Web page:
Tess reappears through a side door and guides them on an alternate route. From the rooftop, they look down and see scores of undead prone in the street, groaning and writhing. Tess has a short speech about how the fungus isn’t only in the infected, but growing underground (“long fibers like wires, some of them stretching over a mile”), creating a network in which all the infected are connected and sharing information. (This mycorrhizal framing of zombies reinforces the deep-ecology theory of Last Of Us; they are of the Earth, whereas humans are the mutation.)

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Their way blocked by Sleeping Uglies, Joel and Tess take Ellie to the museum. Here’s the haunted house part of the episode. They walk tensely through the creepy place by flashlight, find a dead body. Joel mime-orders that they’ll continue in total silence. Very creepy climb up a staircase. Don’t touch the ‘shrooms, Joel! We are so ready for a Clicker to appear.

Pedro Pascal
Pedro Pascal
Photo: Liane Hentscher/HBO
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And one obliges. The three are stopped in their tracks (after a sudden collapse that conveniently occurs after they get through a doorway) by the sound a strangulated glottal cackle coming from a hallway. The raspy ghoul enters the room, stalking around glass display cases. Joel signals to Ellie to be totally silent; they are drawn by sound. But when Ellie gets a glimpse of the thing, with its braised-cauliflower head, she gasps and it pounces with a scream. Joel fights off the creature. The noise draws a second fried artichoke, and Tess and Ellie get separated.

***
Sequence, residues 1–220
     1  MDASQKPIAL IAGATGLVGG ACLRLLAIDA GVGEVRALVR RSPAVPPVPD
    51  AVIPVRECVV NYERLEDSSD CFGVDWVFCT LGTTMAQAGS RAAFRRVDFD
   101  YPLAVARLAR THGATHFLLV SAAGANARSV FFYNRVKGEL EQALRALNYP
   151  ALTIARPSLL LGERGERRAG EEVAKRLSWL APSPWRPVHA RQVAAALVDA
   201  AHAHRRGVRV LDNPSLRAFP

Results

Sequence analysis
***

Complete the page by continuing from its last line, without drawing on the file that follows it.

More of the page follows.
The Steadicam work in the ensuing sequence is quite effective, controlling how much we see the Clickers, making use of wildly swinging flashlights and panicked bodies in motion. Joel steers Ellie to safety; wastes a Clicker before it can French kiss him with its mycelium tendrils; Tess buries an axe in the head of another that Joel finishes off with a few bullets. (Clickers can take more rounds before dropping.) Ellie was scratched or bitten on the arm—again—but she’ll survive. Tess, on the other hand, looks stricken.

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Our group gets to the roof of the museum, makes their way across a rickety looking plank bridge to the next building, and continue on their way to the gold-domed state house. When they actually get there, they find the bloodied bodies of numerous Fireflies in the lobby. What happened? Joel reads the scene and deduces that one got bit and the infected and healthy killed each other in firefight. Tess frantically searches through the Firefly supplies for anything they can use: a radio, a map. Joel shouts at Tess it’s over; they should go home. Tess refuses. “I’m staying,” she says. “Our luck had to run out sooner or later.” That’s when Ellie realizes the truth. “Fuck,” the girl says. “She’s infected.”

Somewhere during the fight in the museum, Tess was bitten. Joel demands to see it. Tess shows a nasty, livid infection on her neck and shoulder. “Whoops, right?” she jokes (same as the game, btw). Just then we see tendrils on the mossy ground, like parasitical worms, stretch out and burrow under the skin of dead men’s fingers. The fungus is waking up the infected (which we saw earlier having a nap), giving them a boost of vitamin Cordyceps. Untold dozens of the flesh-eaters leap up and start running toward the state house.